Recently I was able to have a conversation with Steve Kendall from Ragnar Brothers games in the UK about their up and coming game Steam Donkey which is currently running a campaign over on Kickstarter. Here’s the interview.
Jonathan: First off, tell us a little bit about Steam Donkey. Summarize the game for us.
Steve: OK – this is not so simple as you might expect, and yet not as complicated as it might read. It’s a card game which starts with players able to build one or two cards from their hand onto their own table space to create their resort. Some cards will be built in the Park, some in the Town and some in the Beach area. There are four types of cards: Attractions, Lodgings, Monuments and Transport. Some cards are extra special in each type. To build, a player must discard a specified number of cards of the same type – effectively some cards are chosen for building and payment is made using others. The cards now built in the resort attract cards from the ‘Railway Station’ – four cards plus the top card of the deck. However, cards in the Railway Station are face down, with the reverse of the card indicating where that card will move to in the resort and the type of card that is featured on the front. Cards may only move to one area where they remain face down. Are you getting this???? The third action (build and move cards being the first two) is to simply collect all face-down cards from the resort to hand. At which point the player is probably (but not necessarily) back into building action. Well there are a few more rules to the basic game, but that gives an over-view.
When it comes to the Advanced Game options, the game really fires up. We call them Advanced Rules, but they are the ‘real deal’ game. It might be better to say that what I have described earlier are Introductory Rules (and maybe we will change the Rule book wording anon). Anyhow, each player starts with a Kick-on card (e.g. ‘The Castle’ – starts with 12 cards instead of 8) giving them a permanent benefit through the game. In addition there are four Characters (Madame Ice-cream, Lord Admiral, Princess Royal and Donkey-boy) who assist in different ways in one of the actions (Donkey-boy in all actions).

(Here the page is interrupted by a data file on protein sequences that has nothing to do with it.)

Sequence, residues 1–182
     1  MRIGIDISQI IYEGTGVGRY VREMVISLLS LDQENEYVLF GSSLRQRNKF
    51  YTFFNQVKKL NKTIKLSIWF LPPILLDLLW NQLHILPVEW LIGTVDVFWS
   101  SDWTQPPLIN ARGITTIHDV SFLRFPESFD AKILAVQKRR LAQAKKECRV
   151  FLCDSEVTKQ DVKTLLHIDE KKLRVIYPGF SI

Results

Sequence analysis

Finally, we have part of the game in development still following the determined interest of Kickstarter supporters. Their wish is for each resort to be named (our KS competition providing the eight choices), but being Ragnar Brothers this means some gaming element will have to be attached to each different name e.g. Douglas (Isle of Man) to have a Transport capability from game start.
Jonathan: What inspired you to make Steam Donkey?
Steve: Whilst we were working on Promised Land 1250 – 587 BC, Phil and I and our families were holidaying in the Isle of Man. For those who have never been there (and it’s well worth a visit) the Island has some great features, many of them dating back to the 19th century: a grand theatre, pleasure gardens, steam railway, an electric railway, horse trams and of course hotels and guest houses. Our childhood holidays were invariably spent at similar resorts (Scarborough, Bridlington, Paignton…) and it struck me just how fantastically exciting these places must have been in their heyday. The idea of building / developing such a resort suddenly seemed like a great game theme. The way the game developed after the inspiration is another story.
Jonathan: How did you choose the artist for the project?